Former Crane Bank proprietor, Sudhir Ruparelia, is for the first time appearing before Parliament’s COSASE investigating defunct banks in Uganda.
Wearing a white linen attire, Sudhir arrived at Parliament on Wednesday morning to interact with MPs on circumstances under which his bank was taken over by Bank of Uganda in 2016.
Sudhir has since blamed the poor economy at the time, saying it crippled Crane Bank’s borrowers who had taken out large sums of money from the institution.
He argued that this caused a liquidity crisis and that Bank of Uganda, as a lender of last resort, did not provide the much-needed funds to help the institution.
However, BoU Deputy Governor Louis Kasekende last year said the “insolvency of Crane Bank was not caused by any problems in the wider economy; it was caused by its own mismanagement, not least by its extensive insider lending.”
Kasekende further said despite the weakness of the economy in 2016, all of the commercial banks in Uganda, with the exception of Crane Bank, remained solvent and were able to comply fully with the statutory capital adequacy ratios.
“The only bank which suffered financial distress and became insolvent was Crane Bank,” said the deputy governor.
However, in its attempt to keep inflation under control and stop the shilling from further depreciation, Bank of Uganda raised rates aggressively in 2015, reaching a high of 17 percent in October 2015.
This seriously impacted the economy. Experts argued then that many banks took a hit due to the fact that BoU’s actions were suffocating the economy.
Crane Bank management said in its court documents that it suffered more because its competitors were not asked to write off capital, counter to Bank of Uganda and international accounting practices.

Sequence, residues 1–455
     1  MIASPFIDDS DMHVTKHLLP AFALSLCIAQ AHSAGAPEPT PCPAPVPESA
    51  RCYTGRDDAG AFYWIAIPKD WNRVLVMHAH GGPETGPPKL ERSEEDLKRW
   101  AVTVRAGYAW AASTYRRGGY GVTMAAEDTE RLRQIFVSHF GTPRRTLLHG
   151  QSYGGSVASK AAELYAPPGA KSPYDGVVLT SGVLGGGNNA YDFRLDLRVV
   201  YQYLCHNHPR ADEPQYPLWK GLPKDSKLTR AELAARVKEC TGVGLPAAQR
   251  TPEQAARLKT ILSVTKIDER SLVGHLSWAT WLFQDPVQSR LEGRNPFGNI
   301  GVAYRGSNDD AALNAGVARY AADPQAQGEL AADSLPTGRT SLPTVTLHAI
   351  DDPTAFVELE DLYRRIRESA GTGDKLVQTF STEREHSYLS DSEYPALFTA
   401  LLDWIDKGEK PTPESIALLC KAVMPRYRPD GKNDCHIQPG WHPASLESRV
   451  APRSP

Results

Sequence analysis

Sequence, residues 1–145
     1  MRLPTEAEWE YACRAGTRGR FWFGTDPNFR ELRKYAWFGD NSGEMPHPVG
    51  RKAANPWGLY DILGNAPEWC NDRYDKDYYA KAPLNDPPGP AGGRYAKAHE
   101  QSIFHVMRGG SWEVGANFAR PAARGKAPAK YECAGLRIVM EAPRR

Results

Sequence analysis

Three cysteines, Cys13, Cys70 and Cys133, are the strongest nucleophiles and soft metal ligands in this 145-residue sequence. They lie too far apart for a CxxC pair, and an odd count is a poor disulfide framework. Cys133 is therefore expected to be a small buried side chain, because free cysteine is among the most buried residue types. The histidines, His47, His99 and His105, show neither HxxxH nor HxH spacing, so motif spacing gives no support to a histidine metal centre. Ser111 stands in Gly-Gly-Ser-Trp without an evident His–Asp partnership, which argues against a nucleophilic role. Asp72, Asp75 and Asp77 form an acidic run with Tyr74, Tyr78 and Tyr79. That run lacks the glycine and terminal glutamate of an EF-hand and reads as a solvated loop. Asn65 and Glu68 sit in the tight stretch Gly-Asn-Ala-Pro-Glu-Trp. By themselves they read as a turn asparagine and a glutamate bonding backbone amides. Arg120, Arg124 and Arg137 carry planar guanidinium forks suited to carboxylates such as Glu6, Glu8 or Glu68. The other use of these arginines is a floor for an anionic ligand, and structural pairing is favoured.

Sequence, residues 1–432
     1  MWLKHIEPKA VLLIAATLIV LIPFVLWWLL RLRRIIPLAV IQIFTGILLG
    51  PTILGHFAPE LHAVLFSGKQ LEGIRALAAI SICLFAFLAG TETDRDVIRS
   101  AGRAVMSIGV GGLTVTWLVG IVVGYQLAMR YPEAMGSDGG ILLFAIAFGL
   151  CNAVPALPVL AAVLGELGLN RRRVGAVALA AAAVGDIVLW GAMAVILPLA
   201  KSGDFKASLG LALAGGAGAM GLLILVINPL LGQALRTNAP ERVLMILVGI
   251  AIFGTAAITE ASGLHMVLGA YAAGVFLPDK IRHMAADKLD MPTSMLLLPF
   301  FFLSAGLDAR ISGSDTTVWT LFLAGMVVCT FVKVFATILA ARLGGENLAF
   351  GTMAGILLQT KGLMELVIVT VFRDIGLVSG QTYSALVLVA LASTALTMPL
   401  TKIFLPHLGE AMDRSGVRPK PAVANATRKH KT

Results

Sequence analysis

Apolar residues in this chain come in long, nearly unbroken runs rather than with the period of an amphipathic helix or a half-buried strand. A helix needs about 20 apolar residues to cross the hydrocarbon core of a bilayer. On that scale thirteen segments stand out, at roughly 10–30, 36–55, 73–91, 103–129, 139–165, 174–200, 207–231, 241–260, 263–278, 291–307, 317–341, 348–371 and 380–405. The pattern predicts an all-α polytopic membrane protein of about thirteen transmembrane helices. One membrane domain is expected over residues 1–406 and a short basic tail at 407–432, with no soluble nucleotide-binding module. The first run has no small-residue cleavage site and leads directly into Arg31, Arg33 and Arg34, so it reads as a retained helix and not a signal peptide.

The MPs are expected to query Bank of Uganda’s decision to sell Crane Bank to dfcu bank.
BoU said the resolution of Crane Bank through purchase of assets and assumption of liabilities transaction (P&A) with DFCU achieved “valuable benefits” for Uganda which included protecting Crane Bank customers’ deposits and minimum disruption of banking services.
Kasekende also spoke out on claims that Crane Bank was sold by the BoU for a fraction of the value of its assets, ignoring the fact that a bank has liabilities, such as deposits, as well as assets.
He said when Crane Bank was resolved by the BoU, the value of its assets was much less than the value of its liabilities.
“Consequently Crane Bank had a negative net worth of approximately Shs 260 billion; it was insolvent,” he observed.
Kasekende said the remaining assets and liabilities not transferred to DFCU were put into the liquidation process.
“The claim that there was something suspicious or scandalous about the resolution of Crane Bank betrays a lack of understanding both about the financial realities of banking and of the means through which failed banks are resolved by bank regulators. The P&A transaction used by the BoU is a commonly used bank resolution tool all over the world, and it is fully consistent with the powers and responsibilities accorded to the BoU in the Financial Institutions Act,” he observed.
Kasekende explained that prior to the resolution; the BoU had to lend money to Crane Bank, through its liquidity support facilities, to ensure that the bank did not become illiquid.
“These loans from the BoU could only be partially repaid from the assets of Crane Bank. The public funds used to keep Crane Bank liquid before its resolution will only be fully recovered when the owners of Crane Bank pay back the insider loans that they took out of the bank,” he added.
ChimpReports understands while 12 potential buyers showed interest in acquiring Crane Bank, seven walked away from the negotiating table over concerns about the financial position highlighted in the due diligence report on Crane Bank.
It’s understood that a week before BoU’s intervention, a supervision audit report found a $10 million liquidity gap in Crane Bank’s books.
Outgoing dfcu bank boss Juma Kisaame said “dfcu participated in the bid (for Crane Bank) and emerged the best bidder and we subsequently managed the integration process very well.”
He said dfcu “had to bring in capital of about $50m within four weeks and we are currently one of the most well-capitalized businesses in Uganda, which will help drive future business.”
“No customer lost their money. Even the loan contracts were honoured the way they were and that saved this country money. If Crane Bank had continued into liquidation and everyone was to be paid, the Government would have spent over sh1 trillion, meaning we would have had to forget certain services, maybe a hospital or road,” he said last year.
“For just about five months that Bank of Uganda was in charge, it spent over sh460b paying depositors who wanted their money. And that money was coming from government coffers,” he added.